The goal of the project was to develop an inventory of attitudes—known as the RHETSEN scale—to test the idea that “rhetorical sensitivity is a function of three forces: how one views the self during communication, how one views the other, and how willing one is to adapt self to the other.”  Worded where agreement affirms these forms of awareness, some of the items on the inventory include the following:

One should keep quiet rather than say something which will alienate others.

The first thing that comes to mind is [not always] the best thing to say.

When talking to your friends, you should adjust your remarks to suit them. 

A person who speaks his or her gut feelings is [not always] to be admired.

We should have a kind word for the people we meet in life.

This is an interesting moment to think about the necessity of self-monitoring.  I can’t recall any modern presidential campaign where one of the contenders so casually violates the impulse for self-restraint.  Even past leaders who could be crude or thoughtless in private (Lyndon Johnson and Richard Nixon come to mind) were careful to honor the basic dignity of Americans with varied backgrounds that were within the range of their discourse.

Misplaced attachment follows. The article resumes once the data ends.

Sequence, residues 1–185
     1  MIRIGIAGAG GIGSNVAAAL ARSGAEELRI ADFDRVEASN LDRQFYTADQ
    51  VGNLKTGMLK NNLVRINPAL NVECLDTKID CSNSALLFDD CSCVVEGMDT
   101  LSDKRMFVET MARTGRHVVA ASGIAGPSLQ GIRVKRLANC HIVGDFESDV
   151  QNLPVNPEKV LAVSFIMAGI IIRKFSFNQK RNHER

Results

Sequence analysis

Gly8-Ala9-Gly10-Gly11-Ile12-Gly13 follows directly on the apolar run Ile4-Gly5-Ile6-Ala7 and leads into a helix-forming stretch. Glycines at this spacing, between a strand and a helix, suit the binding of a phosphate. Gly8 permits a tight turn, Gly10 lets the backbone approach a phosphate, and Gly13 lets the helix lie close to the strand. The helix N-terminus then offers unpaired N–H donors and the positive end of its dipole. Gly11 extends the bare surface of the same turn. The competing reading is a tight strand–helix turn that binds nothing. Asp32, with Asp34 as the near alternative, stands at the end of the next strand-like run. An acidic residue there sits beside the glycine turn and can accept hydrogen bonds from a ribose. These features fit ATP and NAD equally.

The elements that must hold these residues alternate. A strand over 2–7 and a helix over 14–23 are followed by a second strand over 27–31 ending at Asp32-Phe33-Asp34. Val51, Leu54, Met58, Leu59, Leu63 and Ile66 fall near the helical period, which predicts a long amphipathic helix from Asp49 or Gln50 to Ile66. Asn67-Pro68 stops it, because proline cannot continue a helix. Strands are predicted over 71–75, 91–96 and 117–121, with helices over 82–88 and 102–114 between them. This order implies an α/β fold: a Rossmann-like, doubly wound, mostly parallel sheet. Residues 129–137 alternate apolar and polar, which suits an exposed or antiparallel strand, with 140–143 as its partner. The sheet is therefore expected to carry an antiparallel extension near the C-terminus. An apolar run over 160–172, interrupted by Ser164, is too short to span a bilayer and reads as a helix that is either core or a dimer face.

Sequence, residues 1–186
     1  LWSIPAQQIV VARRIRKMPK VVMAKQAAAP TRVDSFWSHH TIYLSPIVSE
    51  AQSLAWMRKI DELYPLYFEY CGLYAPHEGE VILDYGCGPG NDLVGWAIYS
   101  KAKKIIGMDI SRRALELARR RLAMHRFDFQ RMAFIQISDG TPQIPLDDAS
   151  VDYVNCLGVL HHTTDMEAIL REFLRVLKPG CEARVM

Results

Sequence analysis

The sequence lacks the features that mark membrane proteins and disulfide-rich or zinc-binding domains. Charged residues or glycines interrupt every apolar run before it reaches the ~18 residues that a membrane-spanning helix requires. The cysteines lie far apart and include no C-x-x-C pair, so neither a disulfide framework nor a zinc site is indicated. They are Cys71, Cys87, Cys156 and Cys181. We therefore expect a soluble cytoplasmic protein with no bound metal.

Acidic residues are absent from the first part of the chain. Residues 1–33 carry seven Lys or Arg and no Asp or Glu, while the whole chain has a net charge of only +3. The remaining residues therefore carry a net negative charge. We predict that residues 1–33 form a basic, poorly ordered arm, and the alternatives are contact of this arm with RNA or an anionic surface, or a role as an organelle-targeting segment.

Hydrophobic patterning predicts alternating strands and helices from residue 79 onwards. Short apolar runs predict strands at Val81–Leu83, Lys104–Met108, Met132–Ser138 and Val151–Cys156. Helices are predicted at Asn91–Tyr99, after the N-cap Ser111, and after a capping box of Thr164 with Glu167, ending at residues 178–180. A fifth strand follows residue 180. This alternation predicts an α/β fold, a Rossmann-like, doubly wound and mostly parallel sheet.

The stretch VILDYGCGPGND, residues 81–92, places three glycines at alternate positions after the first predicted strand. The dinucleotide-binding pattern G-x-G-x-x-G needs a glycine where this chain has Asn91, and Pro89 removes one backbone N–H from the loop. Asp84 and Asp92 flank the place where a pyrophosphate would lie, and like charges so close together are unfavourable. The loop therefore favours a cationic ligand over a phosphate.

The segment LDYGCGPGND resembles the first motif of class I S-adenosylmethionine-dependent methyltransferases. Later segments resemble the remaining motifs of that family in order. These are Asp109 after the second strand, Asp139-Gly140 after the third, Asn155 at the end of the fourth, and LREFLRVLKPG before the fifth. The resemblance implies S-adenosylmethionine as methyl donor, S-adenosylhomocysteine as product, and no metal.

To be sure, partisanship always frays the boundaries of what is acceptable to say in public. And the existence of “live” mics everywhere adds to the burdens of keeping strictly private thoughts out of the ears of others.  We are deep into a new age where audiences are sometimes unseen and unintended. So the risks are greater that a candidate will be heard uttering slurs against individuals or entire categories of potential constituents.

Donald Trump is both the perfect case and a cautionary model.  He is one of the victims of a fully wired age.  At the same time he has eagerly tapped into group tensions and antagonisms that energize his core supporters, using we/them binaries to build a political base based on a strategy of division rather than unification. Mexicans, African Americans, Mexican-Americans,  immigrants and scores of women have felt the cold breath of his offensive characterizations.

When voters express concern about Trump as a role-model, this lack of self-monitoring is partly what they mean.  We expect Presidents to be the personification of rhetorical sensitivity.  We want them to keep their deepest prejudices to themselves.  Virtually every idea of leadership works when the arrows are pointing away from division and toward inclusion. The problem with dividers with insufficient concern for the feelings of others is that they cannot govern a free and pluralistic nation.  They seem only capable of making the society coarser.


1. Roderick Hart and Don Burkes, “Rhetorical Sensitivity and Social Interaction,” Speech Monographs, 39, 1972, 75-91.

2. Roderick Hart, Robert Carlson and William Eadie, “Attitudes Toward Communication and the Assessment of Rhetorical Sensitivity, Speech Monographs, March, 1980, 1-22.

Parts of this essay are adapted from  the author’s The Perfect Response: Studies of the Rhetorical Personality (2010).